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(May 1-3, 2014, was reunion weekend for graduates of the Montreal General Hospital School of Nursing. Our class, the Class of 1964, celebrated the 50th anniversary of our graduation. Please click on the photos for a larger version. The quality of the photos is not consistent.)

Friday morning: The Livingston Hall Coffee Party

There was a glass case just outside the lounge in Livingston Hall. I was waiting for my classmates and I was looking at our class’s memorabilia which was on display.

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“Who are they?” I heard someone ask.

“They’re nurses who used to work here. They came back for a reunion,” said another voice. “They used to wear proper uniforms and a cap.” After a few disparaging remarks about how nurses have changed, he went on. “They were real nurses,” he said fondly.

The questioner was a young man in uniform – probably a porter – and the middle-aged man answering the questions was from housekeeping. “You’re one of them, aren’t you?” he said to me.

I assured him I was and we had a lively conversation about what Livingston Hall used to be like. They were interested to hear that it was our home as well as our school – I pointed out the nearby elevators and told them about our rooms and some of the fun we had there, as well as the more difficult times.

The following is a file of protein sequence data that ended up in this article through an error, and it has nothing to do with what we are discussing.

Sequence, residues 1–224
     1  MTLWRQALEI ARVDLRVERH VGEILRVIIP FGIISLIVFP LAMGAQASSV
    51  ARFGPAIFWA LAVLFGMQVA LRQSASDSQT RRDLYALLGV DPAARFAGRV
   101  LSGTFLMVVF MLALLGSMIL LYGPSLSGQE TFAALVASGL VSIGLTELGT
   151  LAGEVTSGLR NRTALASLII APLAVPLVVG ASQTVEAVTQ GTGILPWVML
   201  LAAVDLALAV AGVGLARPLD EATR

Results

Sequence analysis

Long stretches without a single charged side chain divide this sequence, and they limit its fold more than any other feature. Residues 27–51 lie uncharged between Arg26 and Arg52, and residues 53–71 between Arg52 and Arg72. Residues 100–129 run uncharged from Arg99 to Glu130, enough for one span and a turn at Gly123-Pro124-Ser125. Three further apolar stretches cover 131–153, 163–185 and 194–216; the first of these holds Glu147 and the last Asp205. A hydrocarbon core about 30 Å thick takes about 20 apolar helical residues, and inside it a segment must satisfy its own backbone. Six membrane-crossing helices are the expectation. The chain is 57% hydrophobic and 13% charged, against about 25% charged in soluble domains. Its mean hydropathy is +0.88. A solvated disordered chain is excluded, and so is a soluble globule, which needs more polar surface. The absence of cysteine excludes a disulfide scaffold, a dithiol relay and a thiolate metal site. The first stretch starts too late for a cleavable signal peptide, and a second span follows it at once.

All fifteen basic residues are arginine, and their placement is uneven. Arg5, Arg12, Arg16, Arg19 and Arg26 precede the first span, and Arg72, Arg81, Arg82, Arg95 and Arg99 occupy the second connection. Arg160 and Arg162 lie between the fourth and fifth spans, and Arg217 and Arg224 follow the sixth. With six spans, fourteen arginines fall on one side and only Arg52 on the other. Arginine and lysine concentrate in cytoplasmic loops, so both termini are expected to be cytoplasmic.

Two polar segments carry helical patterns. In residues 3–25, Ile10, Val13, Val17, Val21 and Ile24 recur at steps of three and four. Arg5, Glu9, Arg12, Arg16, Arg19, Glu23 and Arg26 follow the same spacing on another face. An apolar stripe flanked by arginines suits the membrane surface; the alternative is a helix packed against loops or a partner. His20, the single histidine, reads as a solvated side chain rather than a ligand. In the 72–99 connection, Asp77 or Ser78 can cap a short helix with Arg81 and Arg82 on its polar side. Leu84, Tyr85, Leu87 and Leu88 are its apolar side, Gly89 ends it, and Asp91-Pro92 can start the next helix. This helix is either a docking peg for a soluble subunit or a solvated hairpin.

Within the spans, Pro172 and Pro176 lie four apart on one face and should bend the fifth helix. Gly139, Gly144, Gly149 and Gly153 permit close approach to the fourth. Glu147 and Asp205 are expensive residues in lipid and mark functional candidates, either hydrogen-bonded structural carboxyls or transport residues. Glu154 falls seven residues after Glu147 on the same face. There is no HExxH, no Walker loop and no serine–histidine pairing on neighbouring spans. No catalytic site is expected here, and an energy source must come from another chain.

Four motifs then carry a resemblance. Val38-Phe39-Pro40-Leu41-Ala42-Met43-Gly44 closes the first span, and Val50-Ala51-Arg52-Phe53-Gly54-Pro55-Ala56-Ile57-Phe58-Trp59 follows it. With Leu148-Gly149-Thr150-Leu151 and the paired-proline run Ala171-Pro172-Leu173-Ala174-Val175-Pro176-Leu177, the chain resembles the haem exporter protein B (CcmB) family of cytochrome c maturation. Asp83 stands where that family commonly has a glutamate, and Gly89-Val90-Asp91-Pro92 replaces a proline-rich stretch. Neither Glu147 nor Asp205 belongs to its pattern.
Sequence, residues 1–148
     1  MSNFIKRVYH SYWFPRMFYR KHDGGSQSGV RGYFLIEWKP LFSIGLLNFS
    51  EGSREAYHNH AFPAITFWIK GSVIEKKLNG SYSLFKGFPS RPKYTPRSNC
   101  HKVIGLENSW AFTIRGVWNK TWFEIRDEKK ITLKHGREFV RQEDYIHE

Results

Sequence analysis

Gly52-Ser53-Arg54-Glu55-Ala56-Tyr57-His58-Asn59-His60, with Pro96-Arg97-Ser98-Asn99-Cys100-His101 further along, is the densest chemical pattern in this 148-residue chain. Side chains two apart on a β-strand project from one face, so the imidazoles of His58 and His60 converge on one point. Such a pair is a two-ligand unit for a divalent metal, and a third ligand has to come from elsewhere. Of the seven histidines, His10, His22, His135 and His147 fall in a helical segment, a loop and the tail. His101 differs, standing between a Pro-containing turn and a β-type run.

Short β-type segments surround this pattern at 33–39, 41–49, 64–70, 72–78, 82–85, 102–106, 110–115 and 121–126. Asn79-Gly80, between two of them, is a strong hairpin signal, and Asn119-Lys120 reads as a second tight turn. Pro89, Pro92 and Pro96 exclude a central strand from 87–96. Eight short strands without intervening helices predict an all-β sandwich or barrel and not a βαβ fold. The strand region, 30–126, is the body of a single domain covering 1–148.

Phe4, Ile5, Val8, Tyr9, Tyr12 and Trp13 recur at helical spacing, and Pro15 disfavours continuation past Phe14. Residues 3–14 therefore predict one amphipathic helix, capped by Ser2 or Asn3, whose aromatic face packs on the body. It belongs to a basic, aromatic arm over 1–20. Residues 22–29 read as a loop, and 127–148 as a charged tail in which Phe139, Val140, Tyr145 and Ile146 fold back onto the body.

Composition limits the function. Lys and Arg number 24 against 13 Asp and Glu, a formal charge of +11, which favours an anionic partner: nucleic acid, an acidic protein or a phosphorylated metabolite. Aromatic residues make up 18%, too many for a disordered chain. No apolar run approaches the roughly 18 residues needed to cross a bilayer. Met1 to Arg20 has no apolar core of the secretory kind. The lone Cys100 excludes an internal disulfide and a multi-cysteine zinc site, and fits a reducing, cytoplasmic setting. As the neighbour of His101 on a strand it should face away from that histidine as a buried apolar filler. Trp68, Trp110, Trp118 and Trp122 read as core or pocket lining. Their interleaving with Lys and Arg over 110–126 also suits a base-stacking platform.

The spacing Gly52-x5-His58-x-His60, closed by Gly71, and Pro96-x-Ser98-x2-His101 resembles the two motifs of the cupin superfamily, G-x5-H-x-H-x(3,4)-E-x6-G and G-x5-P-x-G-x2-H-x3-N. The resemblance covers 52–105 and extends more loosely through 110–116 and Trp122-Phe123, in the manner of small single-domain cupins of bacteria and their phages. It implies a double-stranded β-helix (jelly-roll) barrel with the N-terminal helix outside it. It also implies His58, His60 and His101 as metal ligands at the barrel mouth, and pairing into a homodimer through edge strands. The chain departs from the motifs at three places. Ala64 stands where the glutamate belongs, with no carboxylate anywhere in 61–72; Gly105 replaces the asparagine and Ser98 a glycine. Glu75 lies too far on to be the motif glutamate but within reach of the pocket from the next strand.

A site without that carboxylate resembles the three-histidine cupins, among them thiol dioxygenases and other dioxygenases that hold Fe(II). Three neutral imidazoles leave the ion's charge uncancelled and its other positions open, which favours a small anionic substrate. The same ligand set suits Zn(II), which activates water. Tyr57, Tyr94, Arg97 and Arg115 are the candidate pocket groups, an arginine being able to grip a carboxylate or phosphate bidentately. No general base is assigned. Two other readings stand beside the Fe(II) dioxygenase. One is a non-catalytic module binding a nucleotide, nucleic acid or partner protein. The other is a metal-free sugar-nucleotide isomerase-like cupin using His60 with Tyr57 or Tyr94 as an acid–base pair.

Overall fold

There are many highlights of our reunion weekends but the visit to Livingston Hall always stands out because it takes us back to a more familiar place than some of the other events. It’s there that our memories are waiting.

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So many of us, for example, remembered Miss Herman, ever-vigilant, with her tape measure to make sure we didn’t have too much leg showing on our way to work. I was an expert at turning my waistband so my apron was a good two and half inches shorter than it was supposed to be. I wasn’t nearly as good at avoiding Blanche but on the days I did, I always had a better day.


When a few classmates and I walked along the corridor between Livingston Hall and the hospital lobby – with a stop at the Hop Shop, of course – we slowed down to pay homage to Mrs. MacLeod near where her office was. A little further on, we remembered – by name – our evening and night supervisors. We remembered some more fondly than others.

Since graduation, we’ve lost 12 of our classmates. There are some we’ll always remember as the girls they were when they left us, far too soon. Others, lost more recently, are still mourned, still causing us to say, “I can’t believe it. It seems like only yesterday that we talked.” Whenever we meet, our missing classmates are there, if only fleetingly, because in some small ways, we ask time to stand still for that kind of remembering.

Thursday evening: Reception at the Omni

We had 56 members of our class attend our reunion – an excellent turnout for a class that graduated 108 students 50 years ago. We were in varying stages of mobility and health and, as we’ve observed before, some of us are instantly recognizable having retained at least some of our identifiable characteristics. Others of us must try to keep our nametags front and centre to try and minimize any embarrassment and to avoid those awkward whispers of, “Who is that anyway?”